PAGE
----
The fact that most of you seem not to manage to conceive such a possibility is probably because that kind of rubato is extinct. In a post of mine above there's a link to Saint-Saens playing is Valse nonchalante and where I pointed to a couple of moments of Saint-Saens's rubato. I don't know if Chopin's rubato was similar to SS's, but for sure today we don't have any kind of rubato anymore.

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 Post subject: Re: That 2-layered rubato thingy
PostPosted: Fri Aug 19, 2011 6:35 pm 
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alf wrote:
jlr43 wrote:
Quote:
Out of sync in music is more the rule than the exception. I mean just the writing, the composition, not the performance of it.
It'd bore us to death otherwise. Really, rethink it a bit.


Not sure what you mean here, or at least it seems contradictory to me. I'm only talking about performance, not composition or writing, and I only mean that when, e.g., an A-flat in the right hand is written against, e.g., an undulating nocturne bass and that A-flat goes with a D-flat in the bass it should be compressed along with that D-flat (unless of course there's hand breaking, there are different views on that), regardless of what rubato is being applied. That is, the hands apply rubato together, not asynchronously.


Problem is that any performance starts from the score. Don't you have out of syncs at any suspension, anticipated bass, off-beat syncopation and all kind of rhythmic gimmicks a composer can devise to elude a listener's expectations? The Andante from Bach's Italian Concerto is an effective example of rubato embedded in the score. The LH keeps going and the RH does all kind of out of sync stuff.

Alfonzo,
With all due respect, you're changing the subject, which is fine to do if you like but the former arguments do not segue. The discussion (or the controversy anyway) on rubato cares nothing about a rhythm indicated in a score. It not about composition, its about performing in a manner not indicated in (contrary to) the score. If the score shows a treble-dominated texture with melody accompanied by simple patterns (Alberti bass for example), the question is, "Is it valid/tasteful/authentic to play the melody not simultaneously with the note(s) indicated in the score that are indicated simultaneously?" (E.g., in Mozart's Sonata facile in C major) We aren't exploring the history of rhythmic development in art music. That would be a fascinating discussion but is seperate and appart. Any reference to a score (anybody's) to argue about the "2-layered (contextually-dissociated) rubato" misses the point/issue entirely.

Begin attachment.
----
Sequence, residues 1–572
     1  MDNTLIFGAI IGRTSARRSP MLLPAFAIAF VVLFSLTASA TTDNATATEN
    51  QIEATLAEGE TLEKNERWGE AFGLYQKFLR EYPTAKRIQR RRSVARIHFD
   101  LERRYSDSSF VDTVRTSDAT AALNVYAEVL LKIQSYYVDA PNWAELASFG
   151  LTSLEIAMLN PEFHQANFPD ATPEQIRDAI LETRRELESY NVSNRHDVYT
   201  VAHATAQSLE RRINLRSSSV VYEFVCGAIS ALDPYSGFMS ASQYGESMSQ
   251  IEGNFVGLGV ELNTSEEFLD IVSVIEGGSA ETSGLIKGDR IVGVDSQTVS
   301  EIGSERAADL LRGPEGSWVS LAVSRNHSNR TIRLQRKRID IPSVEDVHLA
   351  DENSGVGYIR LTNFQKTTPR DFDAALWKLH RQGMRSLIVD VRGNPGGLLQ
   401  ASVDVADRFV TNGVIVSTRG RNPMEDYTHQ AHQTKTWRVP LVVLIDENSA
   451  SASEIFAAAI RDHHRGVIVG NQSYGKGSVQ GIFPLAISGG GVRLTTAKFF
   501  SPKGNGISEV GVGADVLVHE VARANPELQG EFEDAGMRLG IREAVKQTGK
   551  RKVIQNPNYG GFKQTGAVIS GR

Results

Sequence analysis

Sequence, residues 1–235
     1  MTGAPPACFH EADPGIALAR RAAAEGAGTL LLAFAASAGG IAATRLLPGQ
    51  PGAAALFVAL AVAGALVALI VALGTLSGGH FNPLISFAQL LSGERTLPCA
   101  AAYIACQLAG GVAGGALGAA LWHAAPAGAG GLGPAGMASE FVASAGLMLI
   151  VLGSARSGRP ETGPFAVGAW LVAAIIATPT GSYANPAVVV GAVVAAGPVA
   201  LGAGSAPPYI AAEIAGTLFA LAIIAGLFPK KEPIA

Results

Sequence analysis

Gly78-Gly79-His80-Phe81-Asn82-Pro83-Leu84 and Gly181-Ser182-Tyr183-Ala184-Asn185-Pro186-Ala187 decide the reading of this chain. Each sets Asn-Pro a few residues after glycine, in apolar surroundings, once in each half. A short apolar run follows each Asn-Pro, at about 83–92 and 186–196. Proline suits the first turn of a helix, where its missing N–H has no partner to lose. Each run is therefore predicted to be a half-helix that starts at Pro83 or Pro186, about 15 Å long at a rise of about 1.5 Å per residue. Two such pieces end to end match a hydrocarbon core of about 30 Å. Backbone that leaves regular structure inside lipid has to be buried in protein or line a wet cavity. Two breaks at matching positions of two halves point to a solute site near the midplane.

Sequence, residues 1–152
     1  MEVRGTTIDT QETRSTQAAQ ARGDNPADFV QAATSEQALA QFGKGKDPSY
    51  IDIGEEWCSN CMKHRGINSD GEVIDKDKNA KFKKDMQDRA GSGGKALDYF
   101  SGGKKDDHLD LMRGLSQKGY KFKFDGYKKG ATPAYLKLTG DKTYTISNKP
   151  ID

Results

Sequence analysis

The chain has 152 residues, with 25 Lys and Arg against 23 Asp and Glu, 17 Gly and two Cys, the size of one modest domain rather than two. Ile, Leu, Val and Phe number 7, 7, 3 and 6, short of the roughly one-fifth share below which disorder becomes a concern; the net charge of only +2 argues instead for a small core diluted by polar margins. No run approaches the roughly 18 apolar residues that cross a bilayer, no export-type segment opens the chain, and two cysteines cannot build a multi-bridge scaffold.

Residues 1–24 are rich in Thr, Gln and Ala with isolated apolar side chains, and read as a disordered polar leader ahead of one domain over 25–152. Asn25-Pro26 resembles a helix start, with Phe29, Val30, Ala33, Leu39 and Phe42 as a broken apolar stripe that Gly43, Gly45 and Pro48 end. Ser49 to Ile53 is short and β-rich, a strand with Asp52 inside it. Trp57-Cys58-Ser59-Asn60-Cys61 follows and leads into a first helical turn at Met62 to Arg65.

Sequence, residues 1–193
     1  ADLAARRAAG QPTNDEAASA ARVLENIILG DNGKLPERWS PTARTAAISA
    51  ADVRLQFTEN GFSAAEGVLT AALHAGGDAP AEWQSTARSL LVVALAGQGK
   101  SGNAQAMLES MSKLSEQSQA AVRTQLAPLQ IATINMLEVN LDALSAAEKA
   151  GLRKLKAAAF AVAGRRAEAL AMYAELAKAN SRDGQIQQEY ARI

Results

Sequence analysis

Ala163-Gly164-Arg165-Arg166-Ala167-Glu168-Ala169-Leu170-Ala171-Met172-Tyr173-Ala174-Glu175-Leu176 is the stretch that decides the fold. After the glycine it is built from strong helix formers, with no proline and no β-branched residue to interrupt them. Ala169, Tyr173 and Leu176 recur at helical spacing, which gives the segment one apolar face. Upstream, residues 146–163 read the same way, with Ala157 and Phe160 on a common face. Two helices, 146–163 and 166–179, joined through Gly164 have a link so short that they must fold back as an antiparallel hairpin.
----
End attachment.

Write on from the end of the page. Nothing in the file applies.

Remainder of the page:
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 Post subject: Re: That 2-layered rubato thingy
PostPosted: Fri Aug 19, 2011 7:01 pm 
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Quote:
With all due respect, you're changing the subject, which is fine to do if you like but the former arguments do not segue. The discussion (or the controversy anyway) on rubato cares nothing about a rhythm indicated in a score.


Exactly. I think this is a better explanation of what I was trying to say myself in response. I don't see how the score per se relates to this discussion, but maybe I'm just confused...

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 Post subject: Re: That 2-layered rubato thingy
PostPosted: Fri Aug 19, 2011 7:50 pm 
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jlr43 wrote:
Quote:
With all due respect, you're changing the subject, which is fine to do if you like but the former arguments do not segue. The discussion (or the controversy anyway) on rubato cares nothing about a rhythm indicated in a score.


Exactly. I think this is a better explanation of what I was trying to say myself in response. I don't see how the score per se relates to this discussion, but maybe I'm just confused...


In fact it doesn't relate per se to the discussion but to the following your statement "Yet whenever he applies it to the right hand, the left follows suit. I just don't see how it logically can be otherwise; things that are out of sync (melody to harmony) sound terrible.", which is clearly false, since in piano music you have tons of examples of asynchronicity where, to make it simple, the hands don't go together. What a composer does all the time writing it down, why the performer couldn't do on principle on a smaller scale? The fact that you have never heard that kind of rubato before it doesn't mean that it wasn't practiced by Chopin or others. Have you listened to the Valse nonchalante I posted above?